Can a spelling bee allow cheating? Yes, if it’s a fund-raising and funny event like The Spelling Bee for Cheaters. Produced by the creators of the Broadway show The 25th Annual Putnam County Spelling Bee, and The Mortified After School Orchestra, this bee, the first of its kind, was held August 14 at Lincoln Middle School to raise funds for 826LA, a nonprofit devoted to promoting literacy for youth through tutoring and in-class programs.
The “cheating” element involved aids to the answers much like the “lifelines” on TV game shows. Contestants raised money by buying each “cheating aid” for a price and also by obtaining donations.
Teams bore names like “The Dictionators,” “Spells Like Team Spirit,” and “Bad Robots,” and picked one contestant to spell the words, while teammates cheered on their champions. Some teams were led by celebrity guests: Jimmy Kimmel, director Spike Jonze, editor/writer Dave Eggers, SNL veteran Laraine Newman, and Dianna Agron of Glee. Contestants and teammates included 826LA students and volunteers.
826LA Executive Director Joel Arquillos and Retail and Events Manager Christina Galante introduced the bee, as well as the “word pronouncer,” Jay Reiss and the judges, Rebecca and Liz Feldman. (The three are the creators of Putnam County). With these arbiters seated at stage right, the bee got under way, with such seldom-heard words as epicalyx (botanical term for part of a flower) and cenacle (the dining room where the Last Supper took place).
Many contestants took the easy way out, choosing Cheat Option “Invent a Word” that involved spelling a word of their own invention. Some of these words like broseiden (“a frat brother who has ‘godly control’ of the ocean”) seemed just as hard to spell as the regular words, but the contestants nailed them since they had invented them.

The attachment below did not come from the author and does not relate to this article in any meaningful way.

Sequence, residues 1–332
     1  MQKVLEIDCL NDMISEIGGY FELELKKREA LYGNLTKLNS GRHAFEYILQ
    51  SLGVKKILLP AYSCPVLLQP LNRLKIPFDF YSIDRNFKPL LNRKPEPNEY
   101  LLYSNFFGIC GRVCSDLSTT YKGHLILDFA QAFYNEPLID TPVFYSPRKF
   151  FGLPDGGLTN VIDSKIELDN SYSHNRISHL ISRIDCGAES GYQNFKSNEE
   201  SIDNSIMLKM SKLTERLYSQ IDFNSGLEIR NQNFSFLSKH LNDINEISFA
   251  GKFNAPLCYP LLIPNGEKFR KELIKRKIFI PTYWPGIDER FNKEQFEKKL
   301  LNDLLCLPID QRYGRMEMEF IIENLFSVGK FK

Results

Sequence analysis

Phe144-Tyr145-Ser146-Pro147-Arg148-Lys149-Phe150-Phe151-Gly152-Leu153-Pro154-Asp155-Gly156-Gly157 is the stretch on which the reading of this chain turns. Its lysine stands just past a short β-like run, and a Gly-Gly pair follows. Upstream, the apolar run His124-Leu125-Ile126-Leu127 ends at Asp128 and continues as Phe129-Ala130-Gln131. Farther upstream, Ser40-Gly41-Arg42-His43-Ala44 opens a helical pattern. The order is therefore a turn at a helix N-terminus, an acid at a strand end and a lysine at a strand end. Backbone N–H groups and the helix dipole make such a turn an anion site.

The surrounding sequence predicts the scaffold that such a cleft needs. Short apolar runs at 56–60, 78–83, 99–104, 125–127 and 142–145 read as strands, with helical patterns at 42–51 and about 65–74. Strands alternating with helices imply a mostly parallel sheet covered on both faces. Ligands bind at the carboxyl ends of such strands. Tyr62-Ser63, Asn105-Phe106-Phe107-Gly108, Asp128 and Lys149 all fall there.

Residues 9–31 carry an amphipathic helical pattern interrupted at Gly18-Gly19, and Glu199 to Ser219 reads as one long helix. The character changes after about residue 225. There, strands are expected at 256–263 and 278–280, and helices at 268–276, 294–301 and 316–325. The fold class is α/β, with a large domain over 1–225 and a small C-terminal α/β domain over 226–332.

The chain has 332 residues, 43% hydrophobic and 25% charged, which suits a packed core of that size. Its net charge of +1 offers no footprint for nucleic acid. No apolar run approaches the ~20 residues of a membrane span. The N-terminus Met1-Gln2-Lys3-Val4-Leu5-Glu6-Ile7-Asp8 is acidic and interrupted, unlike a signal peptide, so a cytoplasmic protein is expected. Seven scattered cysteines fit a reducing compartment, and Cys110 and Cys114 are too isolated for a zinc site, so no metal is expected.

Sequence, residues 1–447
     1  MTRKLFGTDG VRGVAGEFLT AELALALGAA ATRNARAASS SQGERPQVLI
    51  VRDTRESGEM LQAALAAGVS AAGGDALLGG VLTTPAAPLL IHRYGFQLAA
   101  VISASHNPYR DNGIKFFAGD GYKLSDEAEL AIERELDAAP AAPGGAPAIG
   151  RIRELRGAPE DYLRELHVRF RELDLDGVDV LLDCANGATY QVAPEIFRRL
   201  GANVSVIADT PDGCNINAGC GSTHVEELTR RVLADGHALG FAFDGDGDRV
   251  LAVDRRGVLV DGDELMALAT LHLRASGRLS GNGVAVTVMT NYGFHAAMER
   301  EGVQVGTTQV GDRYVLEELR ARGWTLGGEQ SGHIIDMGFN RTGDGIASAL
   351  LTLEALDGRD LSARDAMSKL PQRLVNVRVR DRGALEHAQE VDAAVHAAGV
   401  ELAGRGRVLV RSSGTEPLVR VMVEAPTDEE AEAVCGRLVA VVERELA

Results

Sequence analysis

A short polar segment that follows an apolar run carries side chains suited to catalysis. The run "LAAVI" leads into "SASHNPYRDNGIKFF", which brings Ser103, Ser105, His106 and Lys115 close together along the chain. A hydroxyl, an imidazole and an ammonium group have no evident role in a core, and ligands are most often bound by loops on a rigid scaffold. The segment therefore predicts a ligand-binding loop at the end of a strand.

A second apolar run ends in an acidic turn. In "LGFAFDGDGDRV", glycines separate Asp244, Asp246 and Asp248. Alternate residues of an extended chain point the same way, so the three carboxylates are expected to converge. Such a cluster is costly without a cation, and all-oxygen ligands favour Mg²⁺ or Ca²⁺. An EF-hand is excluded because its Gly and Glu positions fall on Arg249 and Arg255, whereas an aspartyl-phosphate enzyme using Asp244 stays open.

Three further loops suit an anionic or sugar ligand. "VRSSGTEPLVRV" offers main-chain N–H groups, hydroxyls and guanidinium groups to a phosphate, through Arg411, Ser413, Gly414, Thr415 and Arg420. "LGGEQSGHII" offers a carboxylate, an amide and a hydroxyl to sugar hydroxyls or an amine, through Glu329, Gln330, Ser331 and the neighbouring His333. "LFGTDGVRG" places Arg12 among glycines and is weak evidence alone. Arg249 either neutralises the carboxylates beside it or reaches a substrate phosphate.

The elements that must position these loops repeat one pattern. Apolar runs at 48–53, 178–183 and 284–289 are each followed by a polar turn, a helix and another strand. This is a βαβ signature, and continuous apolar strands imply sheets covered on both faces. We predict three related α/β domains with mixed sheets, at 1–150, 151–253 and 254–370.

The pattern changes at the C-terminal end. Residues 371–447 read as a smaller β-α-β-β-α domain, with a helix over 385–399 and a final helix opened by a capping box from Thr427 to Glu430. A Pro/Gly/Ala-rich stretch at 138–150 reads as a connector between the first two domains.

Spike Jonze successfully spelled jihad (a holy war by Muslims), while Jimmy Kimmel tore up his cheat coupons and dared to spell wanigan (a small lumber storage hut). In a later “Celebrity Death Match,” the twosome had to spell kraal (an African village) and were thrown by that double “a.” As with others who failed to spell a word correctly, they were escorted off stage by two “comfort counselors,” Eric Edelstein and Brendan Connor.
Laraine Newman couldn’t quite get pakapoo (a Chinese lottery) and was also led off stage. Dave Eggers aced the spelling of brennage (a feudal payment). Dianna Agron was given easy words like cow and Mexican. “Is it because I’m blonde?” she wondered out loud.
Round Two got harder because “Invent a Word” was no longer an option. Instead, contestants asked for “next letter” clues, looked in the dictionary and consulted their teams.
It came down to two finalists: Agron and Cat Vasco. No sudden death here; the wining contestant had to correctly spell a new word after the other contestant had failed. Back and forth they went, misspelling in turn words like inspissate (to thicken), apocape (loss of a sound at end of word), astrobleme (a scar on the earth’s surface from a meteor), and cockalorum (a self-important person).
Finally Vasco correctly spelled hallux (the big toe) for the grand prize of a large dictionary. Agron received a medium sized dictionary, which, like her co-contestant’s prize, was signed by all the celebrity guests (herself included). Third prize (a small dictionary) went to Corey Chan.
In all, 826LA raised over $73,000 for its programs. This looks to be an annual event and was fun for everyone. For more information on 826LA, go to www.826LA.org.